and to the publication Wooden Boat Magazine. Many evenings in the Caribbean were spent looking at their publication 30 Boats to build and reading about the North American NE Coast. In the early nineties, plans were ordered not only for Joel White designs, but also for Phil Bolger’s designs in Herb Payson’s book ‘Instant Boats. Working in a basement workshop in Big Pond did have limitations…boats had to be sized to fit out of a
36″ door but somehow during the winter of 1992 we managed to produce two more Nutshell prams one for sail and the other for rowing, a beautiful Gloucester light rowing dory and a 15′ outboard utility ‘Diablo’, ready for a ‘recreational show’ put on by the figure skating Association in Sydney Nova Scotia! The amazing part was that we found an owner for the Diablo and for the rowing nutshell, the other sailing Nutshell we kept along with the Gloucester Light.
Second Post November 23, 2017
Boat Building Projects in different countries
In the 1970ties, Keith was living in Durban, South Africa and Pat was living in Montreal, Canada. They were both building boats. Keith was on his final of numerous boat building projects in South Africa, but this boat was the one he was building to go cruising in the Caribbean. Pat, a recent university graduate had her first job as the chief painter on a 56′ schooner project, being built on the Richelieu River in Quebec. Click here for full size photos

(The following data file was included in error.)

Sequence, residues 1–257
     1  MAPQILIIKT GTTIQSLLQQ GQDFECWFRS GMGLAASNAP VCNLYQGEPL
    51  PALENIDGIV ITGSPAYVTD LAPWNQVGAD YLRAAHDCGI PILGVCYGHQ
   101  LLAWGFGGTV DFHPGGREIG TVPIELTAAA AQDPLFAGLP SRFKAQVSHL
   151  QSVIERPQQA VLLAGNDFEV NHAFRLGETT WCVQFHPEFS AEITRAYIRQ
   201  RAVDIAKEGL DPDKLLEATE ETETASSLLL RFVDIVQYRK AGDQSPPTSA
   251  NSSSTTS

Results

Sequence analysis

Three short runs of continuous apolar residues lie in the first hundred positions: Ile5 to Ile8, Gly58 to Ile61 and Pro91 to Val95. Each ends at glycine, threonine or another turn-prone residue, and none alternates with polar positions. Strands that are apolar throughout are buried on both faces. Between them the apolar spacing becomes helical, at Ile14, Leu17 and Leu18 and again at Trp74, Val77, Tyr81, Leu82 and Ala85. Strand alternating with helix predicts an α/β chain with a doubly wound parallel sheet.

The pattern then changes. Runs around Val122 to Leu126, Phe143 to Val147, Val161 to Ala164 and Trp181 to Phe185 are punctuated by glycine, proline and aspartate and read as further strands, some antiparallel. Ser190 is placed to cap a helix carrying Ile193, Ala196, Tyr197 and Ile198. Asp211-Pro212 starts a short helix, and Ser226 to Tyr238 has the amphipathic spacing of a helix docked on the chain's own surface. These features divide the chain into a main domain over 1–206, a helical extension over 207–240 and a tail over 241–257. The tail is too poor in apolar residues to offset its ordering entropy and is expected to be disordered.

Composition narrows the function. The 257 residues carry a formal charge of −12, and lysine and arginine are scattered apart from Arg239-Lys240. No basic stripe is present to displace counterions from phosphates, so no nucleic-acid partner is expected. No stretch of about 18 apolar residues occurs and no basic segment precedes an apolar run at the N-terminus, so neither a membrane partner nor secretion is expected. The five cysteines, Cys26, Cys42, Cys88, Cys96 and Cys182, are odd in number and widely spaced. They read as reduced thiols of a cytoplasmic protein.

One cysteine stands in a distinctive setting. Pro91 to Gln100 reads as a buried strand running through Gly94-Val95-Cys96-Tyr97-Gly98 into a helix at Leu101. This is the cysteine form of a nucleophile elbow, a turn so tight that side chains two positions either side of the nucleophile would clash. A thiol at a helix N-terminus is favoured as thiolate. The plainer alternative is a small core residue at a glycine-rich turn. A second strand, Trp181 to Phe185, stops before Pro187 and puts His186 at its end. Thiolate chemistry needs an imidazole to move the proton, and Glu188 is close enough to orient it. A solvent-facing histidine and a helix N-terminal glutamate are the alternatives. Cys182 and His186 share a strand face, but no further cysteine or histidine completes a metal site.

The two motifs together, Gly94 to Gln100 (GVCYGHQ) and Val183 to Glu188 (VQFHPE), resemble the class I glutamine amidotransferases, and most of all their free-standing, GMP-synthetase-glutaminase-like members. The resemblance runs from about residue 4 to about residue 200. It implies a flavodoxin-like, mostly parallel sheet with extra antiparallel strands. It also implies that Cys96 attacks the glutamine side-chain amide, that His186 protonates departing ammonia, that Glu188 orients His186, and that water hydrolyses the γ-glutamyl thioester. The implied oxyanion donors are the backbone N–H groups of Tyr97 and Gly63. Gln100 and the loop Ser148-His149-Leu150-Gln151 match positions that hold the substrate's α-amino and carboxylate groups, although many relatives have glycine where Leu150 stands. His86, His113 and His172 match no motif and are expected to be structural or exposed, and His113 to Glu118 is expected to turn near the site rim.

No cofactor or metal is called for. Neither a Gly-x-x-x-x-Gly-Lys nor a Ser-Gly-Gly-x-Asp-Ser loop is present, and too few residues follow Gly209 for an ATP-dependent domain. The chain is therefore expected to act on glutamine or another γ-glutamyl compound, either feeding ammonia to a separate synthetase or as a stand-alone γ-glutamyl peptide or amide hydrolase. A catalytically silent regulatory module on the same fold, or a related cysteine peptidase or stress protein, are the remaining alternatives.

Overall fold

Keith’s 40′ cruising sloop was launched in 1978 in Durban and in 1980 he and his crew sailed it to the island of St Maarten making landfalls in Ascension Island and Grenada. His boat, ‘Stoney’ was a Hartley 39 Design with a modified deck so he could have a flush deck.
There were lots of South Africans building boats in the seventies, many of whom arrived in the Caribbean and set up businesses and are still there now.
In order to leave South Africa in a pleasure craft, Keith had to take a serious course in boating to be allowed to go, and needed to be able produce documentation that he was qualified to sail a boat over 6 metres in length.
In 1977, the 56′ aluminum Palmer Johnson hull that was to become the schooner L’Escapade ll arrived at Marina Gosselin in St Paul L’ile aux Noix. A very ‘green’ boat painter started work painting and varnishing every surface of that boat. Launched in the fall of 1978, L’Escapade ll had 4 ‘staterooms’ three heads, full fridge and freezer etc etc, and was built to go places. As Pat did not think that after all that work the boat should sail without her, she went with the boat as far as the Bahamas and back to Montreal and then sailed to St Thomas USVI in 1979.
Funny how those silly mirror sunglasses were all the rage.
First post: November 15, 2017
Date of build; Summer 1989
Boat type: 7’7″ Nutshell pram designed by Joel White
Boat Name: Nutmeg
We moved to Canada in the summer of 1989 from the island of St Maarten. Our home was in Big Pond on the Bras d’Or Lake. We had a three year old who needed to experience a small boat so a nutshell pram seemed like a good project.
Built out of exterior plywood and coated outside and inside with epoxy resin, we built the sailing and rowing version and sewed the sail ourselves. It was fun to sail.